A Very Meaningful Blog By Rabbi Jonathan Sacks ZT”L Which Mentions Rabbi Avraham Twerski ZT”L


On February 3, 2017 ( 7th of Shevat 5777), which was the Friday before we read Parshat Bo in Shul that year, Rabbi Jonathan Sacks wrote what I would consider one of his most important Blogs to appear on these pages of TOI. I say that for a number of reasons, two of which I will discuss in this Blog.

Firstly, let’s look at the Hebrew date it was published.

There were four number sevens that appear. One number 7 is the date in Shevat. The final three 7’s appear as a series of three in the year 5777.

Regarding the first number 7, Rabbi Sacks passed away on that date in November this past year.

Sir Jonathan Henry Sacks, Baron Sacks (Hebrew: יעקב צבי זקס‎, romanizedYa’akov Tzvi Zaks; 8 March 1948 – 7 November 2020) was a British Orthodox rabbi, philosopher, theologian, author, and politician.

Regarding the series of three sevens, that could have been a hint to the passing of three other Torah giants all on the same day-

Meshulam Dovid Soloveitchik (also known as Reb Dovid or Rav Dovid; October 21, 1921 – January 31, 2021[2]) (Hebrew: משולם דוד סולובייצ’יק‎) was a Haredi rabbi and rosh yeshiva of one of the branches of the Brisk yeshivas[3] in JerusalemIsrael

Rabbi Yitzchok Scheiner (born November 5, 1922, died January 31, 2021) was the rosh yeshiva of the Kamenitz yeshiva of Jerusalem.[1][2]

Rabbi Scheiber died on January 31, 2021, just 4 hours after the passing of Rabbi Meshulam Dovid Soloveitchik, rosh yeshivas Brisk.

Abraham Joshua Twerski (Hebrew: אֲבְרָהָם יְהוֹשֻׁע טווערסקי‎; October 6, 1930 – January 31, 2021) was an Israeli-American Hasidic rabbi, a scion of the Chernobyl Hasidic dynasty, and a psychiatrist specializing in substance abuse.

Secondly, let’s look at the Blog’s Contents


The Blog was headed – The Necessity Of Asking Questions

The subheading read – The Jewish priority of education, religious study, life-long learning, and the necessity of asking questions

In the Blog, Rabbi Sacks points out the following-

 What is fascinating, is the way the Torah emphasizes the fact that children must ask questions. Two of the three passages in our parsha speak of this:

And when your children ask you, ‘What does this ceremony mean to you?’ then tell them, ‘It is the Passover sacrifice to the Lord, who passed over the houses of the Israelites in Egypt and spared our homes when He struck down the Egyptians.’ (Ex. 12:26-27)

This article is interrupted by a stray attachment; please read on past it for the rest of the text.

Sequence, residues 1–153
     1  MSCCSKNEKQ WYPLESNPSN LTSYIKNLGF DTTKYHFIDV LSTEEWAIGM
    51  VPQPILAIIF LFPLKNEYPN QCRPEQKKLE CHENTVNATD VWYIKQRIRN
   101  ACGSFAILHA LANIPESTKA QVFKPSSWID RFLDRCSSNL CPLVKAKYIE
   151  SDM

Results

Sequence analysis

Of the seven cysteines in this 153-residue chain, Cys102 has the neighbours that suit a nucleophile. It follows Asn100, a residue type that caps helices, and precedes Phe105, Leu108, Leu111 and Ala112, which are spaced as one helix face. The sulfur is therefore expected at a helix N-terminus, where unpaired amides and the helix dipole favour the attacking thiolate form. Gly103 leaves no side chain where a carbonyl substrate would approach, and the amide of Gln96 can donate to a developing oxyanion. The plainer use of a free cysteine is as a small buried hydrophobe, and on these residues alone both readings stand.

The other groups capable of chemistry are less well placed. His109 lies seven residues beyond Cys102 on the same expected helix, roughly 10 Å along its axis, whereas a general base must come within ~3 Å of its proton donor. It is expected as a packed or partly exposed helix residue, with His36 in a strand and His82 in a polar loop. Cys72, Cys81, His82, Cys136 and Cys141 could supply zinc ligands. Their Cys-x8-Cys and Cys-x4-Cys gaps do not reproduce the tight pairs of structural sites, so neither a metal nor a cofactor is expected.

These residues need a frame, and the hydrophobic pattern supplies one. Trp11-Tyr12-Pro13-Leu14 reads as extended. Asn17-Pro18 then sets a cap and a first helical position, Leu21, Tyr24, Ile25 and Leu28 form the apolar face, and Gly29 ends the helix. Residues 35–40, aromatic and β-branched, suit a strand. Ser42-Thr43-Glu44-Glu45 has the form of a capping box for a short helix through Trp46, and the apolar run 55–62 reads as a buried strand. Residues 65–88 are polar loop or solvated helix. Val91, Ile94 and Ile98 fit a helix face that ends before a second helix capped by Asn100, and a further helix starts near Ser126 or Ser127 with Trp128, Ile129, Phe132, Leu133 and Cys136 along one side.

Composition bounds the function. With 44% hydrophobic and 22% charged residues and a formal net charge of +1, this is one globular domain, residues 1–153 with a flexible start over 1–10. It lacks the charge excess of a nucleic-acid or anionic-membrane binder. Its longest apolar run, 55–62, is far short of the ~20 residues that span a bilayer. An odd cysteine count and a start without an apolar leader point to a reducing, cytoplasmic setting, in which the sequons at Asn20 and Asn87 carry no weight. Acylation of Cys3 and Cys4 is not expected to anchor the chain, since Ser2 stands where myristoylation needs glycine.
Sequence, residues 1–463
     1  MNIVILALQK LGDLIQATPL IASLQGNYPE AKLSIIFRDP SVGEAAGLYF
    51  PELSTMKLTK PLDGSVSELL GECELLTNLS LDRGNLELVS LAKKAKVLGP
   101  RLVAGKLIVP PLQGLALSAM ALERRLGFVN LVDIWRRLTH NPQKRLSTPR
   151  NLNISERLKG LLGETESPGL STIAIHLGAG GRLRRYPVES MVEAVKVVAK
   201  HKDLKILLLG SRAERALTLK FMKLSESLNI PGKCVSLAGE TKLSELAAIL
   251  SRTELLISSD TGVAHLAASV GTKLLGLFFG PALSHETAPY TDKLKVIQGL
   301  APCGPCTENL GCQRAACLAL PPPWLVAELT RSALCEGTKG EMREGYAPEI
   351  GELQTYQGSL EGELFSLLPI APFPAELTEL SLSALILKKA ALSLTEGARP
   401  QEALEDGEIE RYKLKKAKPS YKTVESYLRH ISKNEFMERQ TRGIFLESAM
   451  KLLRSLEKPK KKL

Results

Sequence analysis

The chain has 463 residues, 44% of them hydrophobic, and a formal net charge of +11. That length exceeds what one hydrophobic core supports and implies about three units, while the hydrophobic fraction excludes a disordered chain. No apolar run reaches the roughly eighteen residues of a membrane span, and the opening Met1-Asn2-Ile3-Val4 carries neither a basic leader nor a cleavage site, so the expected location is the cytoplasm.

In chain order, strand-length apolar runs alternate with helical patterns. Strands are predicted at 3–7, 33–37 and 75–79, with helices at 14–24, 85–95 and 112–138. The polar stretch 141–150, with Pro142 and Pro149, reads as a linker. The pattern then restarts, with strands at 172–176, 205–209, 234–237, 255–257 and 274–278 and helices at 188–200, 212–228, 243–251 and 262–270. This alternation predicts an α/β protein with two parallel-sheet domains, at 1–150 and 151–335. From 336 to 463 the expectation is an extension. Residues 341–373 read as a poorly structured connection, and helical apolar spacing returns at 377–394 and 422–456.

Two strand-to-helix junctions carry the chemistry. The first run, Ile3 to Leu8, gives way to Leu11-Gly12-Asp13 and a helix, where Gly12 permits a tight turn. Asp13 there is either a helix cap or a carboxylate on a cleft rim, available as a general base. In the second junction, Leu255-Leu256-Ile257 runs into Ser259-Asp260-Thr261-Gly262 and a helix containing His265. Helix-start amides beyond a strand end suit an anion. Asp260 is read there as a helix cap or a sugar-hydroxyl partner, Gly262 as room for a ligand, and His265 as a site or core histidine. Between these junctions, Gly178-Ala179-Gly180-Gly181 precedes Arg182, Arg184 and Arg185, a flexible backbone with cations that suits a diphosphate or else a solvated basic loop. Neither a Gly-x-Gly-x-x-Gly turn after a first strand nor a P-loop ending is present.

In days to come, when your son asks you, ‘What does this mean?’ say to him, ‘With a mighty hand the Lord brought us out of Egypt, out of the land of slavery. (Ex. 13:14)

There is another passage later in the Torah that also speaks of question asked by a child:

In the future, when your son asks you, “What is the meaning of the stipulations, decrees and laws the Lord our God has commanded you?” tell him: “We were slaves of Pharaoh in Egypt, but the Lord brought us out of Egypt with a mighty hand. (Deut. 6:20-21)

The other passage in the parsha, the only one that does not mention a question, is:

On that day tell your son, ‘I do this because of what the Lord did for me when I came out of Egypt.’

Rabbi Sacks then sums this up-

 They are the four children: one wise, one wicked or rebellious, one simple and “one who does not know how to ask.” Reading them together the sages came to the conclusion that [1] children should ask questions, [2] the Pesach narrative must be constructed in response to, and begin with, questions asked by a child, [3] it is the duty of a parent to encourage his or her children to ask questions, and the child who does not yet know how to ask should be taught to ask.

Included in his Blog was the following short tribute to Rabbi Twerski-

In yeshiva, the highest accolade is to ask a good question: Du fregst a gutte kashe. Rabbi Abraham Twerski, a deeply religious psychiatrist, tells of how when he was young, his teacher would relish challenges to his arguments. In his broken English, he would say, “You right! You 100 prozent right! Now I show you where you wrong.

All of these abovementioned four great Rabbis have passed away so close to each other, and now since we are all G-d’s children we should be asking Hashem why this had to happen?

In fact, since Pesach is only weeks away, this would be a good opportunity to spend some extra time teaching our children how to ask these four questions as well as many others which the children have.

One question our grandchildren are always asking my wife and I is – When will the Corona go away? I really wish we could tell them the answer.

To All Families Of Those Abovementioned Ravs As Well As All Of You Who Have Lost Loved Ones Recently-


About the Author
Born and raised in the Minneapolis suburb of St. Louis Park. Married to a South African, we lived in Johannesburg from 1979 to 1996. Made Aliyah with our seven children on Parshat Lech Lecha. BSB Accounting Degree from the University of Minnesota. Investment Portfolio Manager /Fundamental And Technical Analyst. Wrote in-depth research on companies, markets, commodities for leading financial publications. Served in the US Army Reserves Semi Retired spending quality time with my wife, children, grandchildren and attend Kollel while analyzing current events as they relate to Torah and Mitzvahs.
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